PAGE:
Even with the inspiration and maverick characters, Geoff Barton, headteacher of King Edward VI School in Bury St Edmunds, Suffolk, feels that the "joy and humour" of school life is quite often missing from fictional portrayals. "The one exception is perhaps in the film Gregory's Girl, where the lone child dressed as a penguin reminds us of the wonderful quirkiness of school. Even in our grimmest moments, schools are usually optimistic, funny places - at least once our classroom door is closed."
Kingsley Amis' Lucky Jim and Paul Pennyfeather in Evelyn Waugh's Decline and Fall are cited by Bernard Trafford, headteacher of the Royal Grammar School in Newcastle, as the closest that fictional teachers get to the real thing. "They're truer to life, so hopelessly, charmingly, hilariously useless - like all of us after (or during) that really bad lesson."
With teachers featuring so heavily in popular culture, particularly in literature, could it be that many are unconsciously drawn to the profession by their childhood memories of fictional teachers? Nel doesn't go that far, but he does believe that fictional characters may influence us in ways we may not realise.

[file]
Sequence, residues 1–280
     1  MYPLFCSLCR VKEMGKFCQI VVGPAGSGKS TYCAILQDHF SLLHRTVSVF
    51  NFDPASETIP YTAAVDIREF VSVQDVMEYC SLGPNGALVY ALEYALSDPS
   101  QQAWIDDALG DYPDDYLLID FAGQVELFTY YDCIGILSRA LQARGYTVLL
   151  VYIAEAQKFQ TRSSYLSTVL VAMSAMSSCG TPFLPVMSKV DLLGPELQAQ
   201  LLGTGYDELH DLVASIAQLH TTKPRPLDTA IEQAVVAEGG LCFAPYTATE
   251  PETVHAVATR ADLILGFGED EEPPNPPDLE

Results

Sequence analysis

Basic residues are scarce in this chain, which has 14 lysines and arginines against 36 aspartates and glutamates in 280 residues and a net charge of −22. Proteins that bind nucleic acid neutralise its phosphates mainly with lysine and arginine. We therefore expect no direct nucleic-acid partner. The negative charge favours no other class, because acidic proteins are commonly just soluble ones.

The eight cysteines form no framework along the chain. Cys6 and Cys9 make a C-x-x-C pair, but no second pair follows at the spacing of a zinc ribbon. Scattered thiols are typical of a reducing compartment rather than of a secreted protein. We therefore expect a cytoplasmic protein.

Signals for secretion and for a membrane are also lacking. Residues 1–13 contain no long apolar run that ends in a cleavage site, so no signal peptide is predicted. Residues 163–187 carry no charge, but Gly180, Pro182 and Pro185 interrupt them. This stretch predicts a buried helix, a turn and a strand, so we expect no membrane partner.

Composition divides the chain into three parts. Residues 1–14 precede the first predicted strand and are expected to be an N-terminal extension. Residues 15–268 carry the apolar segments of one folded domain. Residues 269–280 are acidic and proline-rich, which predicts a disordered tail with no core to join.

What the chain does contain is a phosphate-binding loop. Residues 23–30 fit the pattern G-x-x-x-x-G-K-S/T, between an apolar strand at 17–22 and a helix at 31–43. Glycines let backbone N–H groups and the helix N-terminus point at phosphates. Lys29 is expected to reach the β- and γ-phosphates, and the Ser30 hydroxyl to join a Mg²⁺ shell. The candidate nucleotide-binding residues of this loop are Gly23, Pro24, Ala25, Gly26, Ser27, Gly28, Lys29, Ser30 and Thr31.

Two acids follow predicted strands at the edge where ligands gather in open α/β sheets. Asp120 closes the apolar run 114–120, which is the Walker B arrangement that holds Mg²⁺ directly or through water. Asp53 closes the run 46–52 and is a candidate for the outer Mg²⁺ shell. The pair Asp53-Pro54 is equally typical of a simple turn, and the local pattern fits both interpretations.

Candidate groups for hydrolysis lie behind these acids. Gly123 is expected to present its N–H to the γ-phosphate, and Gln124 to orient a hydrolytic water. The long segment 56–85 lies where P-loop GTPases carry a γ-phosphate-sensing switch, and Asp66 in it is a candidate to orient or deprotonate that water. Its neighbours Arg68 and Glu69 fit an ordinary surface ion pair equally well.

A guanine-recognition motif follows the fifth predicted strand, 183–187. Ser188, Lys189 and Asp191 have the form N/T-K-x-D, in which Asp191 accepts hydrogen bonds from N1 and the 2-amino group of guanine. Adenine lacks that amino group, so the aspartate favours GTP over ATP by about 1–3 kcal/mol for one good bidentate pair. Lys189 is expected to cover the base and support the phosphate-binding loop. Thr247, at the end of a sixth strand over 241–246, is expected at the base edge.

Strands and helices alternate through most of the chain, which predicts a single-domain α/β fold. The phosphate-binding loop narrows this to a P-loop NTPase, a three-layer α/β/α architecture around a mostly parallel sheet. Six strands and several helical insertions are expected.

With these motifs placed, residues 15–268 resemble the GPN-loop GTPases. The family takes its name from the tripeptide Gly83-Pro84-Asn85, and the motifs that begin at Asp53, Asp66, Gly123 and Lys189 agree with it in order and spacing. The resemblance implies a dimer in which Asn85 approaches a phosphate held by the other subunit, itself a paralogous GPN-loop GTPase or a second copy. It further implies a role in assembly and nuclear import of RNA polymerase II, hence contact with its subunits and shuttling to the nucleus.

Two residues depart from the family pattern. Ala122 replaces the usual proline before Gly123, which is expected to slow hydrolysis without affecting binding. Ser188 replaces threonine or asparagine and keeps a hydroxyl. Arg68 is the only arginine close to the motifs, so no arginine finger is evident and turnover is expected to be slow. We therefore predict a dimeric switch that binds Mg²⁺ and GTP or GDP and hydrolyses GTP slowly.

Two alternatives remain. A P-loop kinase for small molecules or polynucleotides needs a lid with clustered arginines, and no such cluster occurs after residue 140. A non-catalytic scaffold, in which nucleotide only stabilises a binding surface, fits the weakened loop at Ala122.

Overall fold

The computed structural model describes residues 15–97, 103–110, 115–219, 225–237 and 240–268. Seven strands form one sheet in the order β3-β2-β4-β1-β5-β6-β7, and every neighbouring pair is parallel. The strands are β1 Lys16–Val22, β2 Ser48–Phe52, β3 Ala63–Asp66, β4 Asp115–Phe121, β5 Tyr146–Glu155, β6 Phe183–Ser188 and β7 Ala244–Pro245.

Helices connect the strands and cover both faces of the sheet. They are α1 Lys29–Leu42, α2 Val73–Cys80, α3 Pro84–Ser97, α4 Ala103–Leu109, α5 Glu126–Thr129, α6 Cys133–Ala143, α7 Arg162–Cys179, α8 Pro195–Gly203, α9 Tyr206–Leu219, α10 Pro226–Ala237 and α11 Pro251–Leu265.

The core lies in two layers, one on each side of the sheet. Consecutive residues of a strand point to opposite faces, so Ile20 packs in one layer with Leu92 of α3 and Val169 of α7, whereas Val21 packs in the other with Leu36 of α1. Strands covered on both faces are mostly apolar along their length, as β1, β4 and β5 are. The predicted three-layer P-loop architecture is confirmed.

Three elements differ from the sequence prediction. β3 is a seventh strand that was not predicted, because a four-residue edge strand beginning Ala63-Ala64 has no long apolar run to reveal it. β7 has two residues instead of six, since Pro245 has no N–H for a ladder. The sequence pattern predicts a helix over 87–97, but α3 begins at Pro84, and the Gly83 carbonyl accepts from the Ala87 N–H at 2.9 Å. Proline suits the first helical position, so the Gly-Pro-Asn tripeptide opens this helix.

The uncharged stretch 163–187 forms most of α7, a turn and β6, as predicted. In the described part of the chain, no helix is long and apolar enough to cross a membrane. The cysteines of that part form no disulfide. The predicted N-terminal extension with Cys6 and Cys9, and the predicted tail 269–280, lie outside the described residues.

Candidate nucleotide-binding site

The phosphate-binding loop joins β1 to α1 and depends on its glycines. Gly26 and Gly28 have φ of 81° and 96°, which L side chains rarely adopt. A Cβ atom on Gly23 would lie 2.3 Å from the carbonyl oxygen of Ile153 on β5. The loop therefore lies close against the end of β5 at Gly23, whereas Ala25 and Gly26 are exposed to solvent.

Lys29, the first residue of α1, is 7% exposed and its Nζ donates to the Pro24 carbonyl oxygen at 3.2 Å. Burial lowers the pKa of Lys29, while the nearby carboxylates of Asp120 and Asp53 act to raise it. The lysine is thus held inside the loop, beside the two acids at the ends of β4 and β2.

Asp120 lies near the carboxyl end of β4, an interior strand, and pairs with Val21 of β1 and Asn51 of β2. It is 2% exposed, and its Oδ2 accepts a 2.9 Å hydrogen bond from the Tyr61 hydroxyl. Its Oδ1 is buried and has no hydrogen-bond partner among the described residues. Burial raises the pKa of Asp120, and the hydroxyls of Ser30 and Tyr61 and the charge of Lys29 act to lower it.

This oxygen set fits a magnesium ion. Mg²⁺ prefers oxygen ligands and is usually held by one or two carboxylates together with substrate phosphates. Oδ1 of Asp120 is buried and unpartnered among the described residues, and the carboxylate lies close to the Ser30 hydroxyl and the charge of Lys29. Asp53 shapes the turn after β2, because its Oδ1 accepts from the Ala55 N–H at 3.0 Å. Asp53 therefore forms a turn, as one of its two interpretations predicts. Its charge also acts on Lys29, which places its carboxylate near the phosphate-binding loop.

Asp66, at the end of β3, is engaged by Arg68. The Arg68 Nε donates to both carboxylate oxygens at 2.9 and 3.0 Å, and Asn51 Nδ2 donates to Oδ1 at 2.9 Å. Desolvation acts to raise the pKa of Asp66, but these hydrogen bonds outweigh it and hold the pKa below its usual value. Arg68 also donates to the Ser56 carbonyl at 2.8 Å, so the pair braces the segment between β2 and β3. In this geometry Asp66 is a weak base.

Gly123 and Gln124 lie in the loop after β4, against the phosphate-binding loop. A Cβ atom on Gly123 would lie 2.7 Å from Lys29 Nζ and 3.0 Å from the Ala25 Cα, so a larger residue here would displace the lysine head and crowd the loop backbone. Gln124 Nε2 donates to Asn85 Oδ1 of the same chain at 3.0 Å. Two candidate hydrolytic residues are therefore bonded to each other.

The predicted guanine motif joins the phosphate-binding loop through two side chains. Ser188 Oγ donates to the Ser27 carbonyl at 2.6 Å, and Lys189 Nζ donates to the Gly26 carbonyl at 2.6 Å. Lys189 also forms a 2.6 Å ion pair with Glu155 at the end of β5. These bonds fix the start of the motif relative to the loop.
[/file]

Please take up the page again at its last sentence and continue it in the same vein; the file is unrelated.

"Children's literature reaches us as we're still figuring out who we want to become and so, in many ways, these are the most important books that we read because they shape our minds and ourselves. That's not necessarily an indicator of the profession you're going to choose, but it's undoubtedly the case that literature has a lasting influence on your life in ways that you might not necessarily be aware of."
For Marshall, the portrayal of teachers in popular culture should not be what teachers base their self-image on, but instead used for thinking about wider issues within education.
"There's a lot of debate about education that happens through these films: book learning versus experiential learning, child-centred versus teacher-directed, and so on. If we were able to figure out how those play out in everyday life for teachers in schools, that's a small thing, but it's important to get teachers thinking critically about that."